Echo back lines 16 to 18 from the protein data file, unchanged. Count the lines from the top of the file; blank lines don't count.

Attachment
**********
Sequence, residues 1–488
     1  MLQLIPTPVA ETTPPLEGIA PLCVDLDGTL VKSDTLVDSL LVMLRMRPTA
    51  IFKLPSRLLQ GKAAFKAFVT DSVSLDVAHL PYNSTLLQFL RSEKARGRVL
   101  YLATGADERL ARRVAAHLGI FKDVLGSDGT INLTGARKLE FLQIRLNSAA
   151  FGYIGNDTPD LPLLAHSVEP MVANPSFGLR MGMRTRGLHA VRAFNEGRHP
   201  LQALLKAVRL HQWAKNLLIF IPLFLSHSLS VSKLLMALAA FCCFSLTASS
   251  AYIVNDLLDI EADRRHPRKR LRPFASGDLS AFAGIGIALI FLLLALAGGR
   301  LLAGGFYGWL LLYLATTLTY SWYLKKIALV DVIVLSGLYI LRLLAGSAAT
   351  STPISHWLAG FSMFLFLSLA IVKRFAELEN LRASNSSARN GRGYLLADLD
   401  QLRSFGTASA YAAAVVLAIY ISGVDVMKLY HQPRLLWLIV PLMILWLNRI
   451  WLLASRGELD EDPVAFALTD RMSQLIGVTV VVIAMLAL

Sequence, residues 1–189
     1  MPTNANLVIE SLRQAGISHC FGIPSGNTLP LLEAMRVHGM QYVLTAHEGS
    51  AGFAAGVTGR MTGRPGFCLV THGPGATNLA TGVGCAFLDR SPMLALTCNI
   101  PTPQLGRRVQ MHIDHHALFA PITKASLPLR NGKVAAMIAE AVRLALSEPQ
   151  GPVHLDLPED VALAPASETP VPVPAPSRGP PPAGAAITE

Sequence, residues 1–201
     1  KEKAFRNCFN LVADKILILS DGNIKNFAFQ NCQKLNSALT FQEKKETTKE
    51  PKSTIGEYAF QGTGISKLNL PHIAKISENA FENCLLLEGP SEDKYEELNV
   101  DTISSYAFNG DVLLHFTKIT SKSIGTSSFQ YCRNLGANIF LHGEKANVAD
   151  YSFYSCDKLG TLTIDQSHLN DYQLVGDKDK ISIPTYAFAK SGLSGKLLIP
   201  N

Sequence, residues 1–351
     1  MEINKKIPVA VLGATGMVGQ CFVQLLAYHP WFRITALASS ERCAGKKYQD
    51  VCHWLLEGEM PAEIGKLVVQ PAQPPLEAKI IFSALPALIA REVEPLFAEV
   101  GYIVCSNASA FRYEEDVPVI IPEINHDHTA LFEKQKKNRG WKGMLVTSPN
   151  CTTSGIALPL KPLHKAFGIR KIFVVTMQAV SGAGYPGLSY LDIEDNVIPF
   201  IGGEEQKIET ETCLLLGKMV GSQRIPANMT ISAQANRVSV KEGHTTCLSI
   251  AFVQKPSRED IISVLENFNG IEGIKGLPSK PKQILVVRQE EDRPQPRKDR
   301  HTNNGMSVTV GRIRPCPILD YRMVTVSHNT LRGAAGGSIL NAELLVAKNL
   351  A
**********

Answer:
   151  GPVHLDLPED VALAPASETP VPVPAPSRGP PPAGAAITE

Sequence, residues 1–201
     1  KEKAFRNCFN LVADKILILS DGNIKNFAFQ NCQKLNSALT FQEKKETTKE